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Workshops


Bread

The first farmers-cattle breeders used to make bread as early as 7000 years ago. During this workshop
participants will have the opportunity to grind grain, to make their own bread the way it was done during the Neolithic and to bake it just as our ancestors did.
This workshop can be attended by pupils from the 1rst degree of primary school on (+/- 6 years old).
Number of participants: minimum 12 – maximum 16.

Coiled pottery

Round 5000 B.C. various groups of people coming from Central and Eastern Europe sailed up the Danube and introduced the technique of ceramics into our regions. This workshop invites participants to discover our history while teaching them how to make pots with the coil technique as well as how to decorate them with Neolithic motives called “ribbon drawings”.
Number of participants: minimum 12 – maximum 16

Paleolithic painting

Participants will discover the first form of art ever practiced by Man in the prehistoric caves some 35000 years ago. They will get acquainted with the painting techniques of those nomad populations and they will discover their environment.
Material needed: a dustbin bag (to be used as an apron). This workshop can be attended by pupils from the nursery school on.
Number of participants: minimum 12 – maximum 16.

Roman Cooking

This workshop aims at getting participants acquainted with Roman cooking and presents Roman food cooked from the recipes of Apicius, a famous gastronome living at the time of Emperor Tiberius (1rst century A.D.). The workshop gives the opportunity to discover various products used at that time while following a chosen recipe.
This workshop can be attended by pupils from the 1rst degree of primary school on (+/- 6 years old).
Number of participants: minimum 12 – maximum 14.

Roman Painting

During the Gallo-Roman period mural painting - among which fresco( i.e. paint applied on a fresh coating) as
well as tempera (paint applied on a dry coating) - was used in order to embellish the interior walls of Roman buildings, be they private or public. While enabling participants to get acquainted with those techniques and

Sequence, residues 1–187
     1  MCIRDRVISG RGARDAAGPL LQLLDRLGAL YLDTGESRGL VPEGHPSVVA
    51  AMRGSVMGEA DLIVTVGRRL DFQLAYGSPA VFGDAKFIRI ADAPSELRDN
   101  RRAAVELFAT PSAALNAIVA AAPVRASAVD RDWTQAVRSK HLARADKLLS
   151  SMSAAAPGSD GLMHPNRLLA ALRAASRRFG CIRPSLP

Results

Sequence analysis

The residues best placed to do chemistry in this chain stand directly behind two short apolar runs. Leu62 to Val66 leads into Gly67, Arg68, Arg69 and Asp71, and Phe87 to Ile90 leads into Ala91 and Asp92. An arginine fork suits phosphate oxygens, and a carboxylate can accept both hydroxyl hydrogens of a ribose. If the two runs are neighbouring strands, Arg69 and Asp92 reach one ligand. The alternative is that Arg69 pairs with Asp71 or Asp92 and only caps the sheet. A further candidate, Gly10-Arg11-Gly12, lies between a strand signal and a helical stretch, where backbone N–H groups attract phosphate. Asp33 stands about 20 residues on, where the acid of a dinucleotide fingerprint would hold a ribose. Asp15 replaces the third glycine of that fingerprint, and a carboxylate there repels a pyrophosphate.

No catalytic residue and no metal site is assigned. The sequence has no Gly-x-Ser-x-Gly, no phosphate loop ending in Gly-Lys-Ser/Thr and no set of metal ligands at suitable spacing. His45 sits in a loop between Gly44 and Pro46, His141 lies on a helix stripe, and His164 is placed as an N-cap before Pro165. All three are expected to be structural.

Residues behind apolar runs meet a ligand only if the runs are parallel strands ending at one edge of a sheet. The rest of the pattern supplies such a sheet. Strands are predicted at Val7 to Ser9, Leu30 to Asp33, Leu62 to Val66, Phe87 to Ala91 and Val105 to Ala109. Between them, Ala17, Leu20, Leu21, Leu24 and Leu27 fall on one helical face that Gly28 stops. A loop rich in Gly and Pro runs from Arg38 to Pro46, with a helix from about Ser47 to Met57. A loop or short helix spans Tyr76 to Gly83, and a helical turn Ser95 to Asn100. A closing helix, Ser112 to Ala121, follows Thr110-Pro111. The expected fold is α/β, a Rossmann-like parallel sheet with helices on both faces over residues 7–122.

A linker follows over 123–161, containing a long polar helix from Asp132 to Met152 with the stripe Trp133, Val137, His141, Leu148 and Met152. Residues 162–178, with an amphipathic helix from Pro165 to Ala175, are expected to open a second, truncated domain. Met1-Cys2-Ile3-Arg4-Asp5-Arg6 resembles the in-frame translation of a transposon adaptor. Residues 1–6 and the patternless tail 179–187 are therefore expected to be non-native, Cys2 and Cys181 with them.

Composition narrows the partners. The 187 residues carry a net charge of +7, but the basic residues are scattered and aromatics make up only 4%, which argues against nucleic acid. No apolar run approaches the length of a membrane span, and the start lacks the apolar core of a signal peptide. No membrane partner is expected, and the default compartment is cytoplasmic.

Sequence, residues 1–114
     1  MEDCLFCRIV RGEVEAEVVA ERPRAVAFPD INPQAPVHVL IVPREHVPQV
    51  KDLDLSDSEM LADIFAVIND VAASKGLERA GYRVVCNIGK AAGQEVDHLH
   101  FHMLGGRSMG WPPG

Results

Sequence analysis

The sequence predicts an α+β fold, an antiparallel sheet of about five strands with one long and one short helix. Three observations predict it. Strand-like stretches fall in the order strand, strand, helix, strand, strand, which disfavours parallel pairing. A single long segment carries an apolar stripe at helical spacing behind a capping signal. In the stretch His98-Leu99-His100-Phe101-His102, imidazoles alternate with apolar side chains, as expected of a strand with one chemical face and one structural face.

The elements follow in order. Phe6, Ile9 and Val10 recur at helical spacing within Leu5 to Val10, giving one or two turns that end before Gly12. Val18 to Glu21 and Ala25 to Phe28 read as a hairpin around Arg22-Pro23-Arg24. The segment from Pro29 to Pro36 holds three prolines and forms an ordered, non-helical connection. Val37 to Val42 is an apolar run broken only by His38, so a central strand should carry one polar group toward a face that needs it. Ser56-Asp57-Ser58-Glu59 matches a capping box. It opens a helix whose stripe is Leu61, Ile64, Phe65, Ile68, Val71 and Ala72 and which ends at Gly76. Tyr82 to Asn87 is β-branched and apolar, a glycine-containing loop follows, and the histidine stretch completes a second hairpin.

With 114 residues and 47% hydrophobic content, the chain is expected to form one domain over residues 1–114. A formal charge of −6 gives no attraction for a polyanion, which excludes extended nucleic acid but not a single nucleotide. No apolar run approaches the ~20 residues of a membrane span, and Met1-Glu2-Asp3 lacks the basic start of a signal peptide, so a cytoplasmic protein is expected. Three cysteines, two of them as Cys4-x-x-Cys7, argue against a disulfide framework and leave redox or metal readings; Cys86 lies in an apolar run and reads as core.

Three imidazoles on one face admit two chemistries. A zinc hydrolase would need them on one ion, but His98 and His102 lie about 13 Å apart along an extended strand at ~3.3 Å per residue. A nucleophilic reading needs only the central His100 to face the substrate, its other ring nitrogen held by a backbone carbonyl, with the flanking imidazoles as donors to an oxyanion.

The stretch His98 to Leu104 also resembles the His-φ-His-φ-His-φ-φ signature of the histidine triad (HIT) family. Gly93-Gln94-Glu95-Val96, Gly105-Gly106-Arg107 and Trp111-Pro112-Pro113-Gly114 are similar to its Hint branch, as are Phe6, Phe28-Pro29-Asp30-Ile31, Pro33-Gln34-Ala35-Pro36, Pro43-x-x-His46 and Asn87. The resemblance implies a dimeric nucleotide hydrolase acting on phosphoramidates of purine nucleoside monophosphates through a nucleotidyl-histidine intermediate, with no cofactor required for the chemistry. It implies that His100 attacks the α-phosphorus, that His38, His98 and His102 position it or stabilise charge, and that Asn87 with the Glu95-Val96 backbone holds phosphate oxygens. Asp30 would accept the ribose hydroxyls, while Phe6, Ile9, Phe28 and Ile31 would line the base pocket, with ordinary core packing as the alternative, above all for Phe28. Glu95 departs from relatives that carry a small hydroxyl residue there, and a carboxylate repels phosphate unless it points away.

with the main styles of mural painting, this workshop will give them the opportunity to discover how to paint
on a dry coating.
This workshop can be attended by pupils from the 1rst degree of primary school on.
Minimum 12 - Maximum 16

Weaving

This kind of crafts first appeared in our region as early as the Neolithic, round 5000 B.C. Within the framework
of this workshop participants will learn how to card, to spin, to dye and to weave wool as well as vegetal fibres.
The dyeing products used are natural and non-toxic.
This workshop can be attended by pupils from the nursery school on.
Number of participants: minimum 12 – maximum 18.

Introduction to Archaeology

Archaeology is not intended to finding treasures but first of all to studying Man’s past through the material
traces he has left: foundations of a house, leftovers of a meal, traces of a tool, a tomb, ...
Therefore archaeologists carry out excavations, take notes, decipher and classify the indications found in the
subsoil or under water.
Please come and learn the basics of the different digging techniques used on the spot. You will learn how to use a trowel and a brush, how to criss-cross a digging site as well as how to go through the various stages needed to understand our history.

Minimum 12 - Maximum 15

Fauna and flora

Participants will be invited to discover the different species of our wildlife through walks and workshops :
sowing, planting, collecting honey, building up a collection of dried plants, observing the local fauna ... They
will taste natural products and learn how to identify lots of flowers and their guests depending on the various seasons.
This workshop can be attended by pupils from the nursery school on.
Number of participants: minimum 10 – maximum 20.
Material needed: a small notebook and a magnifying glass per person


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